Saturday, September 16
Scotiabank Centre, 5284 Duke Street
It seems almost inconceivable that the now 75-year-old Brian Wilson was only 23 years old when he produced The Beach Boys' magnum opus Pet Sounds, an album widely considered by many to be the greatest pop album of all time. When asked over the phone if he had any idea he was building a new musical lexicon that would alter the face of music production and songwriting for the next half century, he answers with almost comedic modesty: "I wanted to try something different than just, you know, car songs and surf songs," Wilson says.
Wilson had already shown plenty of compositional brilliance with many of the songs on the previous Beach Boys albums, but he largely did so within a template of what was deemed acceptable pop music for the time. Pet Sounds, on the other hand, shepherded in a world that simultaneously pushed both the boundaries of lyrical intimacy and sonic grandiosity while eschewing conventional song structure and instrumentation and no one quite knew what the hell to make of it. It's hard to imagine now, but for that time in musical history and relative to the existing Beach Boys canon, Pet Sounds was positively alien.
Despite the album's tepid reception stateside, one song, "God Only Knows" rose to the number two position in the UK. Arguably the most beloved song on Pet Sounds, if not in Wilson's entire catalogue, this staggering composition was written in under an hour. "It came to me very naturally. I wrote some of the melody and I had my friend Tony Asher come over and write the lyric and we had a great song. He had the knack for lyrics," Wilson says.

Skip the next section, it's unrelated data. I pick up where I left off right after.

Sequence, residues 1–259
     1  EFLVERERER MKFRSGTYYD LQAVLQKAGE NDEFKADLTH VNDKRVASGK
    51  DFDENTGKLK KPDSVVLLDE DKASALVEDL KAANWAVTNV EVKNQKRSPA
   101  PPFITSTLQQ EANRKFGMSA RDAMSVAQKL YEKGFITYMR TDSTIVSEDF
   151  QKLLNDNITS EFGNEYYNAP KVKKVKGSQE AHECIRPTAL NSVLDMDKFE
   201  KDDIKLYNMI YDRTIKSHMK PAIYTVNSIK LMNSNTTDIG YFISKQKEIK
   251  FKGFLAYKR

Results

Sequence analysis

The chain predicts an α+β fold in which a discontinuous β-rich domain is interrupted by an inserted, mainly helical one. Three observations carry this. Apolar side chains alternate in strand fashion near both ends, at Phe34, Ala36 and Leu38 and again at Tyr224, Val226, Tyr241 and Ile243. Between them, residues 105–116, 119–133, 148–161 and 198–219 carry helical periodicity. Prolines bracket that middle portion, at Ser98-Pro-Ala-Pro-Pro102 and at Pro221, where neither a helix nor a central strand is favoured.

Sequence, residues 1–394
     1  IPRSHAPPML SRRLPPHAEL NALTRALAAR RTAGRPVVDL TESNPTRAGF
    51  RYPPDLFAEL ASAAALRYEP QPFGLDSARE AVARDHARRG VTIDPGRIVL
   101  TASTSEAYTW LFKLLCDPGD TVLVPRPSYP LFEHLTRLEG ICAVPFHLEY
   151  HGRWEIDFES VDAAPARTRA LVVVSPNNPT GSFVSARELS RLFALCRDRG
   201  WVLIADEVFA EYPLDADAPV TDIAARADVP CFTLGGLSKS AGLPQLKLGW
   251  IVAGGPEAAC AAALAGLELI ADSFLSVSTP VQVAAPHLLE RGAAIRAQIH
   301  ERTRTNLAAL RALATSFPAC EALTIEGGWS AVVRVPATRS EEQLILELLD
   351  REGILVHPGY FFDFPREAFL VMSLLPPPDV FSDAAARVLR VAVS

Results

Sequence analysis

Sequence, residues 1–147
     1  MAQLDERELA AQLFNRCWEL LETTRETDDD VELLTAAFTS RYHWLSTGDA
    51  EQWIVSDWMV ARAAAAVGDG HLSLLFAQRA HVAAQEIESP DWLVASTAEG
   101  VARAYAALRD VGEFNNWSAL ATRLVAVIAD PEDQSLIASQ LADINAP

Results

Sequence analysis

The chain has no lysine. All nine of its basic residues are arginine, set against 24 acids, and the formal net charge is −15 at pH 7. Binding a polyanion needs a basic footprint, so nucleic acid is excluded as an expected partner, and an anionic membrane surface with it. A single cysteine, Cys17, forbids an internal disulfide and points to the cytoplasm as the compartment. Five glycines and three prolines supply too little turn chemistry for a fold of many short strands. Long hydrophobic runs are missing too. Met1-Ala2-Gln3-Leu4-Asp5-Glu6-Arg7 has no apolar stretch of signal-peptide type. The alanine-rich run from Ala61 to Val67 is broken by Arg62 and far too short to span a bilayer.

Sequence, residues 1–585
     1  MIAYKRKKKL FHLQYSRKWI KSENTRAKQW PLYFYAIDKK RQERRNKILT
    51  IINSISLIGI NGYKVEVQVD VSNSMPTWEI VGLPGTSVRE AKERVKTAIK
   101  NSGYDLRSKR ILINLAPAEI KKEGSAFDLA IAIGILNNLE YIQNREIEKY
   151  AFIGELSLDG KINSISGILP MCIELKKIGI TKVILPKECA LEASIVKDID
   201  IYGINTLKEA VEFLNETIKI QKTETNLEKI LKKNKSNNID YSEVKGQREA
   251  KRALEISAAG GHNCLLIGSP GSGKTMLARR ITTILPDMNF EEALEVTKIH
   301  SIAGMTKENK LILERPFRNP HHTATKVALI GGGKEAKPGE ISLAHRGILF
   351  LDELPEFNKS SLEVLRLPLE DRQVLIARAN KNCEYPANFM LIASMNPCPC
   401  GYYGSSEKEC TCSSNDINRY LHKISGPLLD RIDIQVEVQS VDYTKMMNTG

There now exists a vast expanse of 50 years between the Brian Wilson who created Pet Sounds and the Brian Wilson who is currently performing the album in its entirety on tour for the last time, but Wilson still feels a meaningful connection to the album's creation. "The memories come back to me on stage. It takes me back to when we recorded it," he says.
From its inclusion into the Library Of Congress to Paul McCartney and George Martin's admissions that Pet Sounds was the catalyst for Sgt. Pepper, it's a fair assumption it will likely be Wilson's greatest legacy. "It was the best album that we've ever done," he says. "We will probably never do an album as good as that ever again."—Jason MacIsaac